Saturday, April 14, 2018

The Further Adventures of Lucy & Ethel


A need arose in my life recently for a queen size bed. I email to KK to tell her, so we could both remember to watch for one. Her first reaction was something of a “ewwww” – that a used mattress could be nasty.

Which is true, but as I pointed out to her, the advantage to shopping at estate sales is you get a pretty good idea how clean the home is. All of our guest beds (twin size) came via Craigslist, and if I'm remembering aright the mattresses were all used as guest beds in their last homes. They have been great, and saved us a bundle.

Besides, we’ve all slept on hotel beds, right?

So I promised I would not buy anything remotely nasty. And off we went on our Friday travels.

There weren’t very many sales that day. At least partly because of the weather – not pouring rain, but threatening, and a cold, very blustery wind. I picked up a couple of pairs of earrings for crafting purposes (at a quarter per pair how could I go wrong?). Then we headed across the river to West Salem and an estate sale in a retirement community built around a golf course.

The sale was picked over when we arrived, and my expectations of finding anything were low. We walked into one of the two bedrooms, and there leaning against a wall was a double bed with headboard and footboard. One of those old mahogany sets with four posters that stand about 3 feet above the mattress.  I kind of liked it, though it wasn’t my usual style. “Maybe I should get a double bed instead of a queen,” I told KK. She immediately (and wisely) nixed that idea – really not big enough. Then we turned around to see what else was in the room and leaning again the opposite wall was a queen size mattress, box springs, metal frame, and headboard.

It looked pristine, and KK gave it the sniff test (she must have been a bloodhound in her last life, she has the most acute smeller). It passed that inspection. We laid the mattress on the floor and I tried it out. Very, very comfy. (Another shopper in the room commented, “Nap time? Would you like one of these blankets?”)

We got the guy running the sale in to find out what kind of deal I could make. I didn’t want the headboard, and it took about twenty seconds to agree on a price. Which happened to be just about all the cash I had on me. We loaded up the frame pieces in the back of KK’s SUV, saying we’d be back on Saturday with her husband’s pickup for the mattress and springs. And off we went, well pleased and thinking of a nice lunch.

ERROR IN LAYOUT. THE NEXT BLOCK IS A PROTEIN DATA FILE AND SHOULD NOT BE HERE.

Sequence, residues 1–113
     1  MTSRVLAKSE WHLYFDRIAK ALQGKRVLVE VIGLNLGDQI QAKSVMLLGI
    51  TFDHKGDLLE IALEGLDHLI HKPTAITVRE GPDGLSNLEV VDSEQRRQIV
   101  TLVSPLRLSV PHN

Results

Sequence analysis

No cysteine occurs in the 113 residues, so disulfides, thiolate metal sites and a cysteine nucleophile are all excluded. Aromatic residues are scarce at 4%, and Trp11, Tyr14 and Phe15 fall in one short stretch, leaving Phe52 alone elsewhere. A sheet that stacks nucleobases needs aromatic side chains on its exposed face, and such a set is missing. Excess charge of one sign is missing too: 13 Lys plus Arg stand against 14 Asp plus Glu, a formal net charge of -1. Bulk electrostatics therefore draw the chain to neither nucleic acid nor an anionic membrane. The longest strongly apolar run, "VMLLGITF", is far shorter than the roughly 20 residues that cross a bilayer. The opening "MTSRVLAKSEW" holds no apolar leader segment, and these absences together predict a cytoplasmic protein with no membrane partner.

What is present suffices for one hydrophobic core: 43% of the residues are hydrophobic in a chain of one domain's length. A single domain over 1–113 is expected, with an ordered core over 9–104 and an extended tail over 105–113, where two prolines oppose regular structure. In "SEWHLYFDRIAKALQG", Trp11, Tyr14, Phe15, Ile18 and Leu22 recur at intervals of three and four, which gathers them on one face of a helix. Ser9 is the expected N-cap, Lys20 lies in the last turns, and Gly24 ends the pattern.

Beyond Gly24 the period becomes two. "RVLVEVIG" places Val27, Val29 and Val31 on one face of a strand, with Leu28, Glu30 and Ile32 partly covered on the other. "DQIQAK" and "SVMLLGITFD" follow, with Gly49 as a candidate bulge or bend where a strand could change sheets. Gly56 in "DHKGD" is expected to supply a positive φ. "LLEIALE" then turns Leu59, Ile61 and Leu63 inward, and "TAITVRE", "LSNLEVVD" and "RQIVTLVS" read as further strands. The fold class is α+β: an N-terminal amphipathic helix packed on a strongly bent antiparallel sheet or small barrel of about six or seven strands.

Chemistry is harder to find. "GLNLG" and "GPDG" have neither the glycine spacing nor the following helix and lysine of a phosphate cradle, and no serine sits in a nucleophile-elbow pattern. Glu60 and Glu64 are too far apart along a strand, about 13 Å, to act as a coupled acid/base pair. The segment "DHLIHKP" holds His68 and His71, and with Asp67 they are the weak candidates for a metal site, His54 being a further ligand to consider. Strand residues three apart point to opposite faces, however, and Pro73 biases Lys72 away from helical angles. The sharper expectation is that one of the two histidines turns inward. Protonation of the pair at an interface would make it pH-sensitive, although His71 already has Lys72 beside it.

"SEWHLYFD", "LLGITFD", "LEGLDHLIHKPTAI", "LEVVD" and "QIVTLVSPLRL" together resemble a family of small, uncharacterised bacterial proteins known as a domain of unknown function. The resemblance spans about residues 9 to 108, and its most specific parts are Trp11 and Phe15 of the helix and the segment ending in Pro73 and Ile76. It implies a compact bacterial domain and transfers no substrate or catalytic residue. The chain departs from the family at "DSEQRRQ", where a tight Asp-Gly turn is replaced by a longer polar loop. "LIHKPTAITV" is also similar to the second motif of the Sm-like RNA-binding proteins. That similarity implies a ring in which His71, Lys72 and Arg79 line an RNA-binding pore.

We drove a few blocks, and she suddenly exclaimed, “Oh no! I forgot!” “What?” “We’re going to Bend for the weekend. We leave really early Saturday morning.”

Ohhhh. Okay. So now I have a queen mattress and springs and no transport. Between a Honda Civic and a Mitsubishi convertible, that’s just not a load I could haul. I don’t know any other pickup owner well enough to ask for help. We batted ideas around. The wildest might have been calling for an Uber and specifying a pickup truck.

We stopped at a light on the busy through street on the east side of town. KK reminded me we also wanted to stop by a U-Haul place to get plastic mattress bags to wrap the pieces in. I pulled out my phone to see if I could figure out where the closest one was. Then just before the light turned green KK looked off to the right – and saw the closest U-Haul place half a block down the side street. We could hardly believe it was that easy to find one!

Bags bought, we went on to lunch, still trying to figure out a way to get my purchase home. “It's my responsibility,” I finally said. “I'll rent a van for a couple of hours.” We finished lunch, headed out to her SUV, and she stopped in her tracks.

“I have a rack on top of my car,” she said.

She’d never had an occasion to use the rack before. What better way to inaugurate it than with a queen size mattress and box springs?

We stopped by my house for ropes, then drove across the river. Back at the estate sale we got the folks to help us tote those puppies out to the car. Hoisted the springs up, then the mattress on top. The estate sale folks said good luck and went back inside. We started to tie down, and realized there were two issues. The box springs are rigid, and we were afraid the wood cross-piece might be cracked by the bars of the rack. And we had managed to get one of the pieces up there with the opening of the plastic mattress bag facing into the wind.